Stocks fell sharply on Tuesday after a key August inflation report came in hotter than expected, hurting investor optimism for cooling prices and a less aggressive Federal Reserve.
The Dow Jones Industrial Average slid 1,276.37 points, or 3.94%, to close at 31,104.97. The S&P 500 dropped 4.32% to 3,932.69, and the Nasdaq Composite sank 5.16% to end the day at 11,633.57.
Just five stocks in the S&P 500 finished in positive territory. Tech stocks were hit particularly hard, with Facebook-parent Meta skidding 9.4% and chip giant Nvidia shedding 9.5%.
The drop erased nearly all of the recent rally for stocks, pulling the S&P 500 back toward its Sept. 6 close of 3,908 and causing some traders to glance back at mid-June, when the index fell below 3,700.
"I think we may even go back and retest the June lows," UBS director of floor operations Art Cashin said Tuesday on CNBC's "Squawk on the Street."
"Certainly the 3900 is just so tempting, and you're pulling back below the 50-day moving average here. It's very much about the technicals. It's not so much that the one number made the economy go topsy-turvy. It meant a lot of guys who were making preliminary favorable bets got caught off base," he said.
The August consumer price index report showed a higher-than-expected reading for inflation. Headline inflation rose 0.1% month over month, even with falling gas prices. Core inflation rose 0.6% month over month. On a year-over-year basis, inflation was 8.3%.
Economists surveyed by Dow Jones had been expecting a decline of 0.1% for overall inflation, with a rise of 0.3% for core inflation.
The report is one of the last the Fed will see ahead of their Sept. 20-21 meeting, where the central bank is expected to deliver its third consecutive 0.75 percentage point interest rate hike to tamp down inflation. The unexpectedly high August report could lead the Fed to continue its aggressive hikes longer than some investors anticipated.
The moves comes after four straight positive sessions for U.S. stocks, which were bolstered in part by the belief of many investors that inflation had already peaked.
"The CPI report was an unequivocal negative for equity markets. The hotter than expected report means we will get continued pressure from Fed policy via rate hikes," said Matt Peron, director of research at Janus Henderson Investors. "It also pushes back any 'Fed pivot' that the markets were hopeful for in the near term."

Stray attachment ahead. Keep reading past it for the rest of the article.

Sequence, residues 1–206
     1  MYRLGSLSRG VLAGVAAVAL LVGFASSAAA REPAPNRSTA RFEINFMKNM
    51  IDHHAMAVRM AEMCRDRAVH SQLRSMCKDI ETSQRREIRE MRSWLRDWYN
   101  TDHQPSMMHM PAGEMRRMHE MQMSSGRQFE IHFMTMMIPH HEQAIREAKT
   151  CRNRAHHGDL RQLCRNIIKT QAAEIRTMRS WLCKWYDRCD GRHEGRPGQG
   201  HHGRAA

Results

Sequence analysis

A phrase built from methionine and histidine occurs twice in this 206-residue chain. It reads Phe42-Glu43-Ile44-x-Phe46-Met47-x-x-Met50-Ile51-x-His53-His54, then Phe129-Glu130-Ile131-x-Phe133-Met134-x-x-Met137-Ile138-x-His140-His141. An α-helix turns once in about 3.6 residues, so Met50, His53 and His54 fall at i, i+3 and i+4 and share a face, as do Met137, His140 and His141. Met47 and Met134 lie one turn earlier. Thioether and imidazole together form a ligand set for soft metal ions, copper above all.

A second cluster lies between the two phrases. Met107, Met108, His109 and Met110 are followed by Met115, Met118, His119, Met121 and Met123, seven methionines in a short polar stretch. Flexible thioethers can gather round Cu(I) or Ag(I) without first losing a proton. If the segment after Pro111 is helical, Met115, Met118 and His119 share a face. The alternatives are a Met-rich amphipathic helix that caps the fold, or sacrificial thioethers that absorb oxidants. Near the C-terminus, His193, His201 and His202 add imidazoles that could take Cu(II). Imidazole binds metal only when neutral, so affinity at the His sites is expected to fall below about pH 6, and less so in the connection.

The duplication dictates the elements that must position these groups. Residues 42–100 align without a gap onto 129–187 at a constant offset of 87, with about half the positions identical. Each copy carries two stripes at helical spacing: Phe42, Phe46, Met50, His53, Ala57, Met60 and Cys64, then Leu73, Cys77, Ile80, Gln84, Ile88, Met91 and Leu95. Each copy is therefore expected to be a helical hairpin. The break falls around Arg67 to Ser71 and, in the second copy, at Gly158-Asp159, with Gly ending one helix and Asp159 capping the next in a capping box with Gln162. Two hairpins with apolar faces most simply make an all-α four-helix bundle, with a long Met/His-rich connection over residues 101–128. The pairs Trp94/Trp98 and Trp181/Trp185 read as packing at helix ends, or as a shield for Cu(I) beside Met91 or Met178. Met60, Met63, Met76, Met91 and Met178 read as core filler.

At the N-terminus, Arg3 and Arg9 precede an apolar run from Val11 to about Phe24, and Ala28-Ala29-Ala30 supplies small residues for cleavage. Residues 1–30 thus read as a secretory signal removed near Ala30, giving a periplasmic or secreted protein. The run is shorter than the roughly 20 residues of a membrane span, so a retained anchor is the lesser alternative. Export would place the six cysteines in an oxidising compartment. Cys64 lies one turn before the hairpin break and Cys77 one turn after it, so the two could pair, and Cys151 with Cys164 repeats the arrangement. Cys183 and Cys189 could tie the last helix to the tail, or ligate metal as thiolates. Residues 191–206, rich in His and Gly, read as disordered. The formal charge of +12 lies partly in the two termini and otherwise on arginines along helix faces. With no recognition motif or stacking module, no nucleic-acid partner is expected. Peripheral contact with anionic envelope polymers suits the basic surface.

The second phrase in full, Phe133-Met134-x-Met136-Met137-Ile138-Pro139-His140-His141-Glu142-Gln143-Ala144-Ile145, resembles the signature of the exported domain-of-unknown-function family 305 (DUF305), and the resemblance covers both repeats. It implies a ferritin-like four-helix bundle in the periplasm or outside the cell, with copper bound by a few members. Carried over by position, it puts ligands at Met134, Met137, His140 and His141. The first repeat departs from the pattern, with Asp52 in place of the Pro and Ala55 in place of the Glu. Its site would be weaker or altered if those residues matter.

The sell-off was especially painful in high-growth areas of the market. Cloudflare fell more than 10%, while Unity Software sank about 13.4%. Shares of direct-to-consumer auto retailer Carvana slid 12.9%.
Stocks will retest the June lows in the next couple of months, Dan Nathan says
Dan Nathan, principal of RiskReversal Advisors, told CNBC "I'm going to say this again and again during the market selloff, we're going to retest those market lows that we had in June over the next couple of months. There's no reason to buy any of these stocks on a day like today."
The S&P 500 closed more than 7% above its June 16 closing low on Tuesday.
— Scott Schnipper
These were the only S&P 500 stocks to rise on Tuesday
Just five stocks in the S&P 500 managed to close higher on Tuesday, and none of them gained even 1%
- Corteva: up 0.87%
- Twitter: up 0.80%
- CF Industries: up 0.67%
- Albemarle: up 0.38%
- Mosaic: up 0.32%
— Jesse Pound
Homebuilder stocks sell off
Homebuilder stocks were crushed in Tuesday's market sell-off.
Oil settles lower, reversing earlier gains
Oil prices reversed course during mid-morning trading on Wall Street, and remained lower throughout the session following the latest inflation reading.
U.S. natural gas, however, advanced 0.42% to $8.28 per million British thermal units. Lumber, meantime, hit its highest level since August 18.
— Pippa Stevens, Gina Francolla
Worst day of the year
The Dow's 3.94% and 1,276 point slide was its worst of the year:
The S&P 500's 4.32% crush was its worst drop of the year:
Tuesday's sell-off surpassed in magnitude the down days that occurred in May and June as the market tumbled to its low for the year in mid-June.
As it stands at Tuesday's close, the S&P 500 is 8% above its intraday low touched on June 17. The Dow is about 5% above its 2022 intraday low hit on the same day.
The intensity of Tuesday's plunge doesn't bode well for traders betting the ultimate bottom is in.
Stocks sinking to 52-week lows
A number of stocks sank to their lowest level in at least a year on Tuesday, as the Dow tumbled the most since June 2020 following the hotter-than-expected inflation report.
Here were some of the notable movers:
- Charter Communications (CHTR) trading at lows not seen since March 2020
- Comcast (CMCSA) trading at lows not seen since April 2020
- Lumen Technologies (LUMN) trading at lows not seen since November 2020
- Meta Platforms (META) trading at lows not seen since April 2020
- Mohawk Industries (MHK) trading at lows not seen since November 2020
- Whirlpool (WHR) trading at lows not seen since July 2020
- Church & Dwight (CHD) trading at lows not seen since March 2021